Infrared Astronomy

Proceedings of the NATO Advanced Study Institute held at Erice, Sicily, 9–20 July, 1977

  • Giancarlo Setti
  • Giovanni G. Fazio
Conference proceedings

Part of the NATO Advanced Study Institutes Series book series (ASIC, volume 38)

Table of contents

  1. Front Matter
    Pages i-viii
  2. Interstellar Matter

    1. P. G. Mezger
      Pages 1-24
  3. Infrared Observations of HII Regions

    1. G. G. Fazio
      Pages 25-49
  4. Physics and Astrophysics of Interstellar Dust

    1. J. M. Greenberg
      Pages 51-95
  5. Physics of Molecular Clouds from Millimeter Wave Line Observations

  6. Theoretical Aspects of the Infrared Emission from HII Regions

  7. Star Formation and Related Topics

    1. Richard B. Larson
      Pages 137-158
  8. Infrared Emission of the Galactic Center and Extragalactic Sources

  9. Infrared Astronomical Background Radiation

    1. Martin Harwit
      Pages 173-180
  10. Cosmic Background: Measurements of the Spectrum

  11. Cosmological Aspects of Infrared and Millimetre Astronomy

  12. Observational Techniques in Infrared Astronomy

  13. Infrared Astronomical Spectroscopy

    1. Martin Harwit
      Pages 271-283
  14. Infrared Astronomy from Space: A Review of Future Possibilities

  15. Seminars

    1. Front Matter
      Pages 317-317
    2. Bruce G. Elmegreen
      Pages 327-333
    3. V. Daneu, C. Maxson, G. Peres, S. Serio, G. Vaiana
      Pages 335-344
  16. Back Matter
    Pages 345-353

About these proceedings


This volume contains a series of lectures presented at the 4th Course of the International School of Astrophysics, held in Erice (Sicily) from July 9 - July 20, 1977 at the "E. Majorana" Centre for Scientific Culture. The course was fully supported by a grant from the NATO Advanced Study Institute Programme. It was attended by 82 participants from 15 countries. Even though the infrared portion of the electromagnetic spectrum covers an extensive interval from the red region of the optical spectrum (10,000 A) to the microwave radio region (1 mm), its role in astronomy has been minimal until the last two decades. Until very recently, the only objects observed were the sun, the moon and the planets. A primary reason for this late development was the lack of sensitive detectors and the necessary cryogenic technology that must accompany their use. Recent progress in this technology has been paralleled by an ever increasing interest of astronomers in infrared observations, leading to a number of ex­ tremely important results in different branches of astronomy. This becomes evident when one realizes that in many astrophysical conditions most of the energy is found to be channeled into the infrared portion of the electromagnetic spectrum. Stars were detected that yield most of their radiation in the infrared; these objects present a new view of stellar evolution, both in the birth and death stages.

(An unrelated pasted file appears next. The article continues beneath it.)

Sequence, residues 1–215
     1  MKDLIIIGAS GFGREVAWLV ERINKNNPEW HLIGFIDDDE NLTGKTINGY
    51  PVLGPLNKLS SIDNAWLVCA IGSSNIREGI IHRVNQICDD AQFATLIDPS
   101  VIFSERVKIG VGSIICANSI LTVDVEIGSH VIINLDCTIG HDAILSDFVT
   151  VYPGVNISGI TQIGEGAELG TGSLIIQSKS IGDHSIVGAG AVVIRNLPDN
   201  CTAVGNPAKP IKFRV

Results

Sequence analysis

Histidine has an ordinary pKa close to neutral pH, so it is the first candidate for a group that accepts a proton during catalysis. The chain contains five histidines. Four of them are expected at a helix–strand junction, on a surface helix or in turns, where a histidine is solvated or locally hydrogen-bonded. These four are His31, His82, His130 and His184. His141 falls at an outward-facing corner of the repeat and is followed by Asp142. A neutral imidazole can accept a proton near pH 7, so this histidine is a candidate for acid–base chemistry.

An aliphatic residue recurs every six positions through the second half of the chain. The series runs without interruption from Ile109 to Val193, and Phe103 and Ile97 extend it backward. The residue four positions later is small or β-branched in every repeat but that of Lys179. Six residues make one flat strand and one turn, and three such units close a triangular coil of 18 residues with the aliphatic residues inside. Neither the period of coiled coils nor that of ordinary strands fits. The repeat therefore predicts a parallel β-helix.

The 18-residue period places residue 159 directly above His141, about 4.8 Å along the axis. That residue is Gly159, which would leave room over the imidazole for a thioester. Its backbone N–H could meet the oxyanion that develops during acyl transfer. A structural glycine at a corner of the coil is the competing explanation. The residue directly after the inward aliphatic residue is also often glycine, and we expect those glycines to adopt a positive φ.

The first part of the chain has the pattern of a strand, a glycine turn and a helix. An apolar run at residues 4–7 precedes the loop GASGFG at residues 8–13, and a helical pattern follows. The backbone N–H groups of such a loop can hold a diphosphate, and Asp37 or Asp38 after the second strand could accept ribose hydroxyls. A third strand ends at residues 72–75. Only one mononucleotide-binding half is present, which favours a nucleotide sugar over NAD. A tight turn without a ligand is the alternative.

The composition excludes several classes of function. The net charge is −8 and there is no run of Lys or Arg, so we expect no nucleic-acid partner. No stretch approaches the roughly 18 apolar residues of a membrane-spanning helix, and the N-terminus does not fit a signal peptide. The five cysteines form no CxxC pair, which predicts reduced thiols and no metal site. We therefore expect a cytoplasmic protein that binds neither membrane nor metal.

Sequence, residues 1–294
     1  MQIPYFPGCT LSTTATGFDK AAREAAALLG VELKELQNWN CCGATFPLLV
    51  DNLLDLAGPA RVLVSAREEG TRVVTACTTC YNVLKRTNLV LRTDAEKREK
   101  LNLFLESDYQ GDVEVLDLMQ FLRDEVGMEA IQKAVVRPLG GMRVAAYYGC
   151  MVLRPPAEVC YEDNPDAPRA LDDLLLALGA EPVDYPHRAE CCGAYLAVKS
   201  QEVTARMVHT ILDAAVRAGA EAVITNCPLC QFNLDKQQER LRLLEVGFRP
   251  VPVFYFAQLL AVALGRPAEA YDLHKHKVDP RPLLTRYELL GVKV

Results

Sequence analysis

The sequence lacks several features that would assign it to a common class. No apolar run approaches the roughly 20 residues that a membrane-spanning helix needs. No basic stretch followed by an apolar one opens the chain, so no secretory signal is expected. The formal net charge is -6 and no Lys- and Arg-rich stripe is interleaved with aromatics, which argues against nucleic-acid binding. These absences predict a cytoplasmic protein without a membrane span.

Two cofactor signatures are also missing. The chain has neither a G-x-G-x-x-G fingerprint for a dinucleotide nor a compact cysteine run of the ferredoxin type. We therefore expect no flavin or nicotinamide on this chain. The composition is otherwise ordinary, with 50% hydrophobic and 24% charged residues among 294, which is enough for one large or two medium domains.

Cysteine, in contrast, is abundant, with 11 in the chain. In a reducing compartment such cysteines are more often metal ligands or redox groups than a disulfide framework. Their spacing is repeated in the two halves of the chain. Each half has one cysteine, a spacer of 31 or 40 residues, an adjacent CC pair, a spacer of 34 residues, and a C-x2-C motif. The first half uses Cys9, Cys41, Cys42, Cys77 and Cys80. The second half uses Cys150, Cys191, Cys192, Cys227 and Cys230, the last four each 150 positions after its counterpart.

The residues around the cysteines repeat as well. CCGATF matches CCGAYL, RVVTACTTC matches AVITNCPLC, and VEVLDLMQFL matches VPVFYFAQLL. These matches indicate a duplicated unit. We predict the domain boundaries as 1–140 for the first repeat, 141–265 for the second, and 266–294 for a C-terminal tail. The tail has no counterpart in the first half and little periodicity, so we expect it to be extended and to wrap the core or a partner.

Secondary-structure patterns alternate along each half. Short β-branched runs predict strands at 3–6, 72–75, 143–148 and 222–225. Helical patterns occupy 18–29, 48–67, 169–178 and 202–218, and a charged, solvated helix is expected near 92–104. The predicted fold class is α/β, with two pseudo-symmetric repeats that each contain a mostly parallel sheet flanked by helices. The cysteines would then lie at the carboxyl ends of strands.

astronomy astrophysics interstellar matter moon planet spectroscopy star star formation stellar evolution sun telescope

Editors and affiliations

  • Giancarlo Setti
    • 1
  • Giovanni G. Fazio
    • 2
  1. 1.Laboratorio di Radioastronomia CNRUniversity of BolognaItaly
  2. 2.Harvard-Smithsonian Center for AstrophysicsCambridgeUSA

Bibliographic information

  • DOI
  • Copyright Information Springer Science+Business Media B.V. 1978
  • Publisher Name Springer, Dordrecht
  • eBook Packages Springer Book Archive
  • Print ISBN 978-94-009-9817-9
  • Online ISBN 978-94-009-9815-5
  • Series Print ISSN 1389-2185
  • Buy this book on publisher's site